I don’t need a test to tell me how valuable they are to our future.

If they pass the STAAR tomorrow, it may say a lot about their growth as students. It may provide some evidence of their success in middle school. It may slightly indicate some part of their intelligence.

But it won’t measure their worth as humans. It won’t tell the whole story.

There has been a lot of criticism in recent years about the way education waters down learning the common core, the way teaching has turned to content and skills that may not matter at all.

We have imprisoned creativity and labeled imagination worthless. We have boxed children into standards that say next to nothing about their abilities. We have mislabeled intelligence as the ability to answer multiple-choice questions.

Today, I reminded my students that no one—not the world, the government, test-makers, parents, friends, family, nor society—gets to tell their story if they don’t let them.

I sometimes hesitate to post stories about my students because it communicates to you that I believe my students’ stories are mine to tell. Just because I teach them and always speak highly of them does not mean that I always share the story about them that they might share about themselves. I try to do them justice, but I sometimes fall short.

Part of the reason I write about my kids, and tell my version of their story (because really, it is our story), is because there are far too many negative, incorrect narratives about them. Some of my students are unaware of the way society portrays them, but most of them are fully aware of the way the world sees them. They need fighters in their corner. They need someone to point out stereotypes of them and tell them, “This isn’t you.”

Since becoming a teacher, I have heard a thousand ignorant comments about how people see inner-city children. I have been devastated by friends who assume certain stereotypes about my children because they have never heard a better story about them. I believe it is my responsibility to tell the world a different, better, truer story about my children.

Don’t take this as me saying that I get to tell my kids’ stories for them—they are the only ones with the power to do that. All I have the right to do is tell my story, which often involves them as leading characters.

But when I was their age,  bullies had told me so many untrue stories about myself that I had started to believe their fairytales. If it weren’t for the people who told me a different story, I would never have become the man I am. I wouldn’t be the Ben Taylor who knows his story is important and worth telling to others. I owe the same to my kids.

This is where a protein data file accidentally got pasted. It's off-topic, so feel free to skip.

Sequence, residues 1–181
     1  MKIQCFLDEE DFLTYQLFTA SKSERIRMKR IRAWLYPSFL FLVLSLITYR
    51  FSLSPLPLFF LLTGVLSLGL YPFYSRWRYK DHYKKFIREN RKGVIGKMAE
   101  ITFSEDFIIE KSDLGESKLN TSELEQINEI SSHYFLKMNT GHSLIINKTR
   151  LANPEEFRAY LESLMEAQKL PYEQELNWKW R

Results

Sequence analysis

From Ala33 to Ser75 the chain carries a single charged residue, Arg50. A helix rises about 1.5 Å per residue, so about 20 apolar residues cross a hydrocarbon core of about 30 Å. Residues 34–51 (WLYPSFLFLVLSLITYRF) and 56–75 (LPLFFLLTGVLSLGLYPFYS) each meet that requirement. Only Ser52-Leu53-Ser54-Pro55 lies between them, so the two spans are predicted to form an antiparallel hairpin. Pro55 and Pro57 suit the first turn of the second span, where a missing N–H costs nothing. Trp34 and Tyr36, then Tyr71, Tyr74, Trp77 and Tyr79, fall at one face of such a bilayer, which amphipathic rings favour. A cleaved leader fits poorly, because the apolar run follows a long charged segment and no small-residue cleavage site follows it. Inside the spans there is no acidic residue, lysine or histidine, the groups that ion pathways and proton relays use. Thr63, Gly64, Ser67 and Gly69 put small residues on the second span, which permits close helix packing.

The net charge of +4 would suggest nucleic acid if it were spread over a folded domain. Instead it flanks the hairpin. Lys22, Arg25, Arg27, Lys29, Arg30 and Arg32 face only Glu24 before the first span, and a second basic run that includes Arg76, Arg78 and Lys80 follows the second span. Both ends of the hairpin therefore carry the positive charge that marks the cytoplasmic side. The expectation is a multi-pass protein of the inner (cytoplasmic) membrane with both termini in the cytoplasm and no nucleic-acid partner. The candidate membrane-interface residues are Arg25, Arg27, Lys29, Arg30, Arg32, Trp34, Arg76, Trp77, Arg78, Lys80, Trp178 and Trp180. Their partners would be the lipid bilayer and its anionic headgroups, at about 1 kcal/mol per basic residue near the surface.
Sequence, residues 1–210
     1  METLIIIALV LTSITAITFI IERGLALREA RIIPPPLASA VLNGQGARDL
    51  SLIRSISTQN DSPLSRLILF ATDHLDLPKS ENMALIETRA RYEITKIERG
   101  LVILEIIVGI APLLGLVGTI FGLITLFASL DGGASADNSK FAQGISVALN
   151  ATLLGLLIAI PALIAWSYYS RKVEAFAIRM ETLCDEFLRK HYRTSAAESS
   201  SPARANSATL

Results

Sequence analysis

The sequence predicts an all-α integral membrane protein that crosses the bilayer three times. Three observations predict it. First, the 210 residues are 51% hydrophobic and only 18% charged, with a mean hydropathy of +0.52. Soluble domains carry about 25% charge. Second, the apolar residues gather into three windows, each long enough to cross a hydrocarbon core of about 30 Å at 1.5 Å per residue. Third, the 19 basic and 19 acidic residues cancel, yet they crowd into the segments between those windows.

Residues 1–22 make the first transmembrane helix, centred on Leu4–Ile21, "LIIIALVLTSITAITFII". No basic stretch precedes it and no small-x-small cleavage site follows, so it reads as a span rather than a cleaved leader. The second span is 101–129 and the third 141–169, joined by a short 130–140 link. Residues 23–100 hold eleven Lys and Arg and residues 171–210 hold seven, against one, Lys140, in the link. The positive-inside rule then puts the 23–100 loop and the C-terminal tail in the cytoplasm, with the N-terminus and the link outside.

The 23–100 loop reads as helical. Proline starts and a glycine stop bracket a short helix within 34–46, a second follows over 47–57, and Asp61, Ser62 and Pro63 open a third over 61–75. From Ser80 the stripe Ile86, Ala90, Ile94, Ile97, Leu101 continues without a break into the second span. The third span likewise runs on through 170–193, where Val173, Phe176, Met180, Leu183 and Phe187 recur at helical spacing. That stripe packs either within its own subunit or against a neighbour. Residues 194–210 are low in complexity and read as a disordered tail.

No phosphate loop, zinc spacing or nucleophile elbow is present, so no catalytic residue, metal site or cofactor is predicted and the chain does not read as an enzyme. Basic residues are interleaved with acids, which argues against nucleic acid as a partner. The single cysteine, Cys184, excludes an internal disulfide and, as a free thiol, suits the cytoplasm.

Because of this, a day before the Writing STAAR, I read the essay below to them to remind them that their worth cannot be measured by any test, standard, or person. Perhaps you can find some hope in it too, if you have found yourself answering to the wrong measures of a person’s true value.

IMG_2645

In case it is hard to read from your Internet device, here is the full transcript:

You were born into the wrong times. In this age, they box you up, label you, and sell you for the price they think you’re worth. They size you up by how well you can shrink your brain to multiple-choice responses. If you cannot fit within their definition of intelligent, they will call you otherwise. They will work to ensure that opportunities aren’t handed to you by the same measure they are handed to others, that more doors close for you than open. They ask you to to tell them how smart you are in 26 lines–never mind that your story already stretches beyond lines and pages and books.

In the short time you have been on this earth, you have held the weight of love, felt the sting of heartache, known the joy of laughter, bitten into the sorrow of loss. You are not a statistic. You cannot be measured or weighed or labeled or boxed or held down. You are what is right in this wrong world. You will alter perceptions and destroy the shaky foundations of stereotypes. You were born into the wrong times, but you will make them right.

Whatever happens tomorrow–whether you pass or “fail”–will ultimately not define you, because you cannot be named anything you don’t answer to. Who you become is your decision. It is your story to tell, so make it a story worth telling. Many of the pages are blank, but rest assured: you are more than multiple-choice answers, and you are more than 26 lines.

You are the 27th line.